- Original article
- Open Access
Inonotus obliquus polysaccharide regulates gut microbiota of chronic pancreatitis in mice
AMB Expressvolume 7, Article number: 39 (2017)
Polysaccharide is efficient in attenuation of metabolic ailments and modulation of gut microbiota as prebiotics. The therapeutic effect of Inonotus obliquus polysaccharide (IOP) on chronic pancreatitis (CP) in mice has been validated in our previous study. However, it is not clear whether IOP is conducive to maintaining the homeostasis between gut microbiota and host. The aim of this study is to testify the potential effects of IOP on gut microbiota composition and diversity in mice with CP. The changes in glutathione peroxidase (GSH-PX), total antioxidant capacity (TAOC), tumor necrosis factor alpha (TNF-α), transforming growth factor beta (TGF-β), lipase and trypsin levels were measured by commercial assay kits, meanwhile the gut microbiota composition and diversity were analyzed by high throughput sequencing. The IOP treatment increased GSH-PX and TAOC levels, and decreased TNF-α, TGF-β, lipase and trypsin levels in CP mice. It was also observed that gut microbiota in IOP treated groups were less diverse than others in terms of lower Shannon diversity index and Chao 1 estimator. IOP increased the proportion of Bacteroidetes and decreased that of Firmicutes at phylum level. Bacteroidetes was found positively correlated with GSH-PX and TAOC, and Firmicutes correlated with TNF-α, TGF-β, and lipase. In conclusion, administration of IOP could regulate gut microbiota composition and diversity to a healthy profile in mice with CP, and some bacterial phylum significantly correlated with characteristic parameters.
Chronic pancreatitis (CP) is a progressive and permanent destruction of the pancreas leading to insufficient exocrine and endocrine, and often chronic disabling pain. The complications of CP commonly include diabetes mellitus, cholangitis, ascites and even carcinoma of pancreas (Inui et al. 2013; Phillips 2012). In developed countries, CP incidence ranges from 3.5 to 10 per 100,000 populations, while the unhealthy lifestyle has caused a gradual rise in CP (Witt et al. 2007). Nowadays in China the incidence of CP is about to surpass 1% which is 20 times higher than that in 1950s. The consumption of alcohol as well as genetic and environmental factor might cause CP (Braganza et al. 2011). Currently, oxidative stress has been implicated as a potential mechanism in etiology and pathology of CP (Zhou et al. 2015). 3, 5-Diethoxycarbonyl-1,4-dihydrocollidine (DDC) is a kind of SOD inhibitor that may cause oxidative damage and following fibrosis in pancreas (Matsumura et al. 2001). DDC has been managed to induce CP in mice (Matsumura et al. 2001; Fickert et al. 2014).
Under long-term oxidative stress, the invasion of pathogenic bacteria can destroy the microenvironment, disturbed the structure of intestinal flora, and ultimately lead to dysbiosis (Burcelin et al. 2011; Ley et al. 2008a, b). The correlation between the variation of gut microbiota and the development of bowel inflammatory, diverticulitis, diabetes, obesity etc. has been explicit, but it remains elusive as for CP (Rautava and Isolauri 2002; Berry et al. 2012; Daniels et al. 2014; He et al. 2015; Lim et al. 2015). Recently, Tan et al. reported the relationship between intestinal microbiota composition and inflammation involved in the progression of acute pancreatitis (Tan et al. 2015). Although the mechanism involved in these changes has not been fully elucidated, a major shift in gut microbiota composition was found in patients with severe and mild acute pancreatitis, especially an increasing relative abundance of Enterococcus and a decrease of Bifidobacterium.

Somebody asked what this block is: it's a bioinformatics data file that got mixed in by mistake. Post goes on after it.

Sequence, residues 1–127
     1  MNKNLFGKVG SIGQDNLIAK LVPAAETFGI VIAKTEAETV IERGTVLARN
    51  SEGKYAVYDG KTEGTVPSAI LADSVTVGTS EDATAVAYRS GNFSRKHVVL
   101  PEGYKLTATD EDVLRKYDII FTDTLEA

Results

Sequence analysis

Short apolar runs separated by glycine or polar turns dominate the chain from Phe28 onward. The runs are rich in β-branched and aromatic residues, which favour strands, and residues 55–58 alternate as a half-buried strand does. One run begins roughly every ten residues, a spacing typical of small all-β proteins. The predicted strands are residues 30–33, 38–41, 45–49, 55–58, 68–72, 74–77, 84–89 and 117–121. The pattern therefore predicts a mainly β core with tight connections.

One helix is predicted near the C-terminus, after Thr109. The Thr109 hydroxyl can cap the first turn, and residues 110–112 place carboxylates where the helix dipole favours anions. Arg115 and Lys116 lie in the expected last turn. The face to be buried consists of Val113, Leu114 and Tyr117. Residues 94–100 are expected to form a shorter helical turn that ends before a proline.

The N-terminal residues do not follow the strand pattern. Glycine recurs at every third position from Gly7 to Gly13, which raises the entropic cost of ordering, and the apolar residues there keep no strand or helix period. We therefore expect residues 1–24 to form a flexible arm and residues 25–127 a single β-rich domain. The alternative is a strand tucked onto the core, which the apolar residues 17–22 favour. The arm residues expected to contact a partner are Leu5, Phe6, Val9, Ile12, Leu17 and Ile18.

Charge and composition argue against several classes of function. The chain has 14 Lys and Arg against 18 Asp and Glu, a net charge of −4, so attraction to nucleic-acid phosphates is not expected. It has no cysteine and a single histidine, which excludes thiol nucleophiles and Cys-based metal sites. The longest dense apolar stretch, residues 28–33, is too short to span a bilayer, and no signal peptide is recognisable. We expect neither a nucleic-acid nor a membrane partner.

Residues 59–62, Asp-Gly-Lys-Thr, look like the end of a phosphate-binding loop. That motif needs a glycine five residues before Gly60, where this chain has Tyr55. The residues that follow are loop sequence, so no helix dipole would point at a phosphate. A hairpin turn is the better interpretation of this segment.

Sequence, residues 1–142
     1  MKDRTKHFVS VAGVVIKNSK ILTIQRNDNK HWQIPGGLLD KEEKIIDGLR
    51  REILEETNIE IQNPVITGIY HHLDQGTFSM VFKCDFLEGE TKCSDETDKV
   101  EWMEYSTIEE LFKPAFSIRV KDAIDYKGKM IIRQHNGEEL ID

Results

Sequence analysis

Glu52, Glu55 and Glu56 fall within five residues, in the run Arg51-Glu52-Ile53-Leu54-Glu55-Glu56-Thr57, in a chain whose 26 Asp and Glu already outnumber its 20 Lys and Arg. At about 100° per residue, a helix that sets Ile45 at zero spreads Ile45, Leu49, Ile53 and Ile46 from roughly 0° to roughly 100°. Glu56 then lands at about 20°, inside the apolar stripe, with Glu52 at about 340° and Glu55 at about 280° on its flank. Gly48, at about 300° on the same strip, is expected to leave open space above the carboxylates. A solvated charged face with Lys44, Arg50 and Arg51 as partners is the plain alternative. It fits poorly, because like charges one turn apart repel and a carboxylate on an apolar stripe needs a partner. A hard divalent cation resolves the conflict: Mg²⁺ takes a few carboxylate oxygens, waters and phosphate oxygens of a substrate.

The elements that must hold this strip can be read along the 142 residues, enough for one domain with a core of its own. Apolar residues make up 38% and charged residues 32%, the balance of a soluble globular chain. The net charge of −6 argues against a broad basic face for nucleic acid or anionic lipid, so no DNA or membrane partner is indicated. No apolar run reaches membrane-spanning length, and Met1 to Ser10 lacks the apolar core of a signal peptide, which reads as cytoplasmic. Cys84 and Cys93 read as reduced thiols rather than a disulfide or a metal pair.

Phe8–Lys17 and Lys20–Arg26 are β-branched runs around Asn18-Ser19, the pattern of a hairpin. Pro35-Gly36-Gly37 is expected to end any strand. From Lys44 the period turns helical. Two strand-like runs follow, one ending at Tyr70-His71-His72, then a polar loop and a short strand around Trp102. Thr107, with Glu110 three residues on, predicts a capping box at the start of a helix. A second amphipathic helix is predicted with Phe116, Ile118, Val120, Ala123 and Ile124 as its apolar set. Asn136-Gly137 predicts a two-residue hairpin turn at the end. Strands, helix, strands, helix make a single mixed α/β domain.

Polysaccharides contribute to the proliferation of “good bacteria” and regulate microbial composition in host gut. Several polysaccharides like lentinan, glucans, mannans and xylans have the prebiotic effects on the intestines such as increasing the resistance of intestinal mucosa to inflammation and inhibiting the development of intestinal ulcers in rats (Singdevsachan et al. 2016). Shi et al. also found that a water-soluble-d-fructan extracted from the roots of Ophiopogon japonicas exhibited potent anti-obesity and hypoglycemic effects via regulating the gut microbiota of the host as prebiotics (Shi et al. 2015). Inonotus obliquus (also called Chaga), is a white-rot basidiomycete parasitizing on Betula (birch) trunks in low latitudes (about 45–50°N) of Europe, Asia and North America. Experiments showed that I. obliquus could be used as drugs to prevent and cure cancer, diabetes, cerebrovascular diseases, etc. (Zhou et al. 2015; Ma et al. 2013). Inonotus obliquus polysaccharide (IOP) possesses comprehensive biological properties, especially antioxidant and anti-inflammatory activities. As a superior antioxidant, IOP has been used to attenuate CP in our previous research (Hu et al. 2016). However, the overall gut microbiota structure and diversity in CP mice administrated with IOP was ambiguous.
To verify the relationship between CP and gut microbiota, a clinical experiment in mice was conducted to evaluate the variations of glutathione peroxidase (GSH-PX), total antioxidant capacity (TAOC), tumor necrosis factor alpha (TNF-α), transforming growth factor beta (TGF-β), lipase, trypsin and the overall changes of gut microbiota in feces. The discovery of their correlation may be contributed to CP pathogenesis and therapy in terms of the intestinal ecosystem.
Materials and methods
Chemicals and reagents
Inonotus obliquus (CFCC83280) was provided by Harbin Baykaltai Bioengineering Co. LTD of China. Anion-exchange DEAE cellulose column and Sephadex G-200 gel were obtained from Pharmacia (USA). Chloroform, butanol and ethanol were purchased from Kermel Chemical Reagent Co. (Tianjin, China). DDC was purchased from Sigma Chemical Co. (St Louis, USA). All solutions were prepared by analytical reagents and double distilled water. GSH-PX, TAOC, TNF-α, TGF-β, lipase and trypsin were detected by commercial assay kits purchased from the Nanjing Jiancheng Bioengineering Institute (Nanjing, China). DNA mini stool kit was purchased from Qiagen (Valencia, CA, USA). MetaVx™ library preparation kit was purchased from GENEWIZ Institute (South Plainfield, NJ, USA).